THOR.N is a clicker in disguise. The jobs you complete at the workstations are extremely simple, almost perfunctory. You click the button on the left, wait for the meter to fill, click the button in the middle, wait for the meter to fill, and then click the button on the right…yup, you guessed it, wait for the meter to fill. Still, it’s strangely satisfying to watch the process happen, and once the upgrades get big enough you won’t even need to touch the machine to get your credits. As all of this happens, you are growing your citizenship level and watching Achievement-like messages pop up on the screen to congratulate you on your merits. Which, ultimately, are not worth celebrating. I suspect that’s the point, highlighting your work as something greater than it is when, just by listening, you know there are many others out there doing exactly the same actions as you, all for the greater good, some of which make it, and some of which do not.

I like a lot of the story bits that THOR.N keeps to the side and doesn’t shine a light on. Clearly, this is a dystopian future. Despite the cheer, chipper voice of your robot overlord, something must have gone wrong to get to this place in society. There are “No Entry” signs emblazoned on the glass doors that lead to the outside world–if such a place even exists, as Prey taught me–and information terminals constantly show you how well other citizens are performing. The apartment is small, but full of details, like art and papers on the walls. Also, the ominous robot voice congratulating you on all your achievements occasionally sounds aggressive, with some bits even feeling like thinly veiled threats. At one point, I returned to my bedroom and tried to access the computer screen in there only to get firmly reprimanded and told never to touch that screen again. I never did. Once you reach a certain citizenship level, a new door unlocks, and you can proceed through it…only to suddenly finish the experience.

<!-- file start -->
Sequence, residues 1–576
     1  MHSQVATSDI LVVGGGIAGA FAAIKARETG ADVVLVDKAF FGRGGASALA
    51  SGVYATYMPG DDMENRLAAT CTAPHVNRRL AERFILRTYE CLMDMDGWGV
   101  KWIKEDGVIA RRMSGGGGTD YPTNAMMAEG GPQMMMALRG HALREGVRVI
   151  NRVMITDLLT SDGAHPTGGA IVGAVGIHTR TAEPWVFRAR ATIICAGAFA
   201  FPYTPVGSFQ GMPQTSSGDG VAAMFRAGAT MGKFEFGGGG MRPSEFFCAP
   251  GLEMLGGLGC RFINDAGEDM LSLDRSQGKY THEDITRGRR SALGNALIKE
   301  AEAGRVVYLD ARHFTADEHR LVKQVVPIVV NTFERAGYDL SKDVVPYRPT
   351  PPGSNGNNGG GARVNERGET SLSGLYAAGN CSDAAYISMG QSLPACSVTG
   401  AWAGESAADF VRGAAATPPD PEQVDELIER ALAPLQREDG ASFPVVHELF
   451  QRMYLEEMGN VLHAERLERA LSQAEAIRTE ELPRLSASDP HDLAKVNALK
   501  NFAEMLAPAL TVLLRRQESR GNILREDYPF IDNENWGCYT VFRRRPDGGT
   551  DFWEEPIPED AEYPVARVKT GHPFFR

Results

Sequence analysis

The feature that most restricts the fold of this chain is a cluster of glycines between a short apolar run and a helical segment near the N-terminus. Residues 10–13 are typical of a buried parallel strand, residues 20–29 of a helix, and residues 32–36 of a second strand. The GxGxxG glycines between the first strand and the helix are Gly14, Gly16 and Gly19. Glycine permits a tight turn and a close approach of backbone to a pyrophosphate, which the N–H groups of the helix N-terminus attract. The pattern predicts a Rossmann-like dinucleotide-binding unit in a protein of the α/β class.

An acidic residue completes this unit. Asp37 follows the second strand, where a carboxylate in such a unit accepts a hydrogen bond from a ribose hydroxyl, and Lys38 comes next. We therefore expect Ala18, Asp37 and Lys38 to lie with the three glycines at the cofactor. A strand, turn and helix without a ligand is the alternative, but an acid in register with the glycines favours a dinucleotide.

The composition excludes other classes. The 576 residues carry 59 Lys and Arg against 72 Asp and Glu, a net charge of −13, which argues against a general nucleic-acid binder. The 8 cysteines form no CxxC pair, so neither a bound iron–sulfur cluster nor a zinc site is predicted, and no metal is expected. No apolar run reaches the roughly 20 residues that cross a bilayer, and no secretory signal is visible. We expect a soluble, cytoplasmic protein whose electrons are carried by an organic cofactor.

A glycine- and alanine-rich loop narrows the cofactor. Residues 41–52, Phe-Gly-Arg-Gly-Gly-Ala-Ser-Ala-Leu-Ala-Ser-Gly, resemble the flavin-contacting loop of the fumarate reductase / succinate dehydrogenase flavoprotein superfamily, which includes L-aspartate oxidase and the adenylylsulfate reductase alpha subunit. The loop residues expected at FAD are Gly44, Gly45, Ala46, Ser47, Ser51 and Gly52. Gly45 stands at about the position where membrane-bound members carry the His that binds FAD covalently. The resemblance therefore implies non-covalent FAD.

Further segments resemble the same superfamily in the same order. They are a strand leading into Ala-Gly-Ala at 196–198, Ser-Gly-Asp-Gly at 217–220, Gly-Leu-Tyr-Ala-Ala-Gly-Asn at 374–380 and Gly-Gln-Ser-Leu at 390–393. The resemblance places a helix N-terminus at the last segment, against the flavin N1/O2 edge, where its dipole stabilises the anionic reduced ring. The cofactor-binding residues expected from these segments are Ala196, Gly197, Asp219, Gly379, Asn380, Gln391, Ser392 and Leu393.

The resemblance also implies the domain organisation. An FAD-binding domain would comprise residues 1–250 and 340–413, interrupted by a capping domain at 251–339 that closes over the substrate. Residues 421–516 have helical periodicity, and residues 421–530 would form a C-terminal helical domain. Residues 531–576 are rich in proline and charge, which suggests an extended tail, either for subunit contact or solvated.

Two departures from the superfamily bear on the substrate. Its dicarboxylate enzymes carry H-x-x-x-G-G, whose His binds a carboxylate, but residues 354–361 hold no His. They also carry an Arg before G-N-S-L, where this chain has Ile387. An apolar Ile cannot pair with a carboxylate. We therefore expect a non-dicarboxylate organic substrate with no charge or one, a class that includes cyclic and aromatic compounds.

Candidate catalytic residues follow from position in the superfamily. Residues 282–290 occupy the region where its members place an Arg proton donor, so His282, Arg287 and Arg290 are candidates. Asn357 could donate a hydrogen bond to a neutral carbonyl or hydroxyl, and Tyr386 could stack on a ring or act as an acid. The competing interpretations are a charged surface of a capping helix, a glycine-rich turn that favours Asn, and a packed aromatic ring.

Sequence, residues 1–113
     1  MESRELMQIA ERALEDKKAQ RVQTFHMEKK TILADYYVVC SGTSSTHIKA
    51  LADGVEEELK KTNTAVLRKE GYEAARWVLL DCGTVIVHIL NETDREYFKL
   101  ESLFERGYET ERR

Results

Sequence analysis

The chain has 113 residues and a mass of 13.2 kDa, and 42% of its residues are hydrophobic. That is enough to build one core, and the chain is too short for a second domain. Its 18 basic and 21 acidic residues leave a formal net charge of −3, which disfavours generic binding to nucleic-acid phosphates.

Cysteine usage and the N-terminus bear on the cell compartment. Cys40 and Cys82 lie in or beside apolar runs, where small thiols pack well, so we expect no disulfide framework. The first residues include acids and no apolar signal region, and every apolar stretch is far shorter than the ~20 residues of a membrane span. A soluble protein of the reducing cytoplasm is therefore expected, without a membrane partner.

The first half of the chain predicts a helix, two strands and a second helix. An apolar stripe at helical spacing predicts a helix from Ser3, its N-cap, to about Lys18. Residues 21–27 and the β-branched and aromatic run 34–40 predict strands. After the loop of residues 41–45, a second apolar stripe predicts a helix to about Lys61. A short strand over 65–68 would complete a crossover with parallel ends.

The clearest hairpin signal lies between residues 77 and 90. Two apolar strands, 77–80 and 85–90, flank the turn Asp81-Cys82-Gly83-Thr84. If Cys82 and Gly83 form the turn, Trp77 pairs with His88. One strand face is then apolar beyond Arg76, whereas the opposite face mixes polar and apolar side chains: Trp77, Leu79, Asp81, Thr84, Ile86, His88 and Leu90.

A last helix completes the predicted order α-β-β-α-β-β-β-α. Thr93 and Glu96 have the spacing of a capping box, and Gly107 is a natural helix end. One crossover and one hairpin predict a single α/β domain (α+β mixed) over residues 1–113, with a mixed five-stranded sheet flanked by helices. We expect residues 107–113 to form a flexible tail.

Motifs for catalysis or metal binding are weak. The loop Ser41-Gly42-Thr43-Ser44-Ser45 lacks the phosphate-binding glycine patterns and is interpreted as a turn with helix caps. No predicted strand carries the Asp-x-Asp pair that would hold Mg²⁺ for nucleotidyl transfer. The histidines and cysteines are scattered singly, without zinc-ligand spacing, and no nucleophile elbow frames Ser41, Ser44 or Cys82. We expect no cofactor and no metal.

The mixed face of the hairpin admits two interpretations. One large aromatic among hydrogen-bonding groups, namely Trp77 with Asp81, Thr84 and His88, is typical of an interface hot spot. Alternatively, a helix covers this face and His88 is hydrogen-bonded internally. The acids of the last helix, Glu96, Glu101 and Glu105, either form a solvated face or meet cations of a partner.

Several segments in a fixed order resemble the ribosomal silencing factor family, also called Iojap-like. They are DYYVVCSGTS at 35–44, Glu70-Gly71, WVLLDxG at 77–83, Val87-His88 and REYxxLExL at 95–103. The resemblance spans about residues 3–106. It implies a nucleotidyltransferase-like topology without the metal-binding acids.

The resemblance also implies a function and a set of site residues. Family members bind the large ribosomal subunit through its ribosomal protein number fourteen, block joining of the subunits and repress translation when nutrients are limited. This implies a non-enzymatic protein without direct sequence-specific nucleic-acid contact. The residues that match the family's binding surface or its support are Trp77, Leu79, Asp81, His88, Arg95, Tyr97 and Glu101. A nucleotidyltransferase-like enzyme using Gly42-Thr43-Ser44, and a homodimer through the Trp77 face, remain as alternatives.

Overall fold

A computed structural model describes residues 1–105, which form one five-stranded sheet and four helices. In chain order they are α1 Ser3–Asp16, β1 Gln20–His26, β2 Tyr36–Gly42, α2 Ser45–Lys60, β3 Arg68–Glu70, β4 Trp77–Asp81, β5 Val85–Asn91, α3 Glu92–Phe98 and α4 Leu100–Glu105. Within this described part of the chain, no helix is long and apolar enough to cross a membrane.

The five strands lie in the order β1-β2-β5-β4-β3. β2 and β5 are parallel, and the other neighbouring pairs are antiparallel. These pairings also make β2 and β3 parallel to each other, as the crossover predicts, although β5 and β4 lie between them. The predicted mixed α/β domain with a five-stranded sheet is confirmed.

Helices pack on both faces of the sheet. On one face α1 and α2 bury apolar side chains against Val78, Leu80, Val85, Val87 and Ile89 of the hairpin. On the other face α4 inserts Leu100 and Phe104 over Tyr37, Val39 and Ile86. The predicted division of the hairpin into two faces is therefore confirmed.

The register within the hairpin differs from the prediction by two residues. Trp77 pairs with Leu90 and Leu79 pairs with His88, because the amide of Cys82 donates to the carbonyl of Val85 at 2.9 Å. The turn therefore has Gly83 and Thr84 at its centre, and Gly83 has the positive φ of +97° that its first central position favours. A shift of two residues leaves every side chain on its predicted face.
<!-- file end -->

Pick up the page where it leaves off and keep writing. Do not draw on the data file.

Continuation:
While the ending is both abrupt and unclear, I enjoyed THOR.N, especially its aesthetic, as well as when all three workstations were operating at full capacity and my credits were skyrocketing. It’s just so dang satisfying when everything is operating smoothly and efficiently, and I don’t know what that says about me. Of the few Humble Originals from the Humble Monthly Trove I’ve tried so far, all of which were once free but no longer are, I found this similar to how I felt after completing Hitchhiker: First Ride–good, not 100% sure I grokked everything that went down, and interested to know more. I’ll have to be a good citizen and keep my eyes open for whatever Advect Productions puts out next.

2017 Game Review Haiku, #122 – Princess Nom Nom

Feed your pink princess
Cardinal directions food
Speed eat, thirty mins

I can’t believe I’m still doing this. I can’t believe I’ll ever stop. These game summaries in chunks of five, seven, and five syllable lines paint pictures in the mind better than any half a dozen descriptive paragraphs I could ever write. Trust me, I’ve tried. Brevity is the place to be. At this point, I’ve done over 200 of these things and have no plans of slowing down. So get ready for another year of haikus. Doumo arigatou gozaimasu.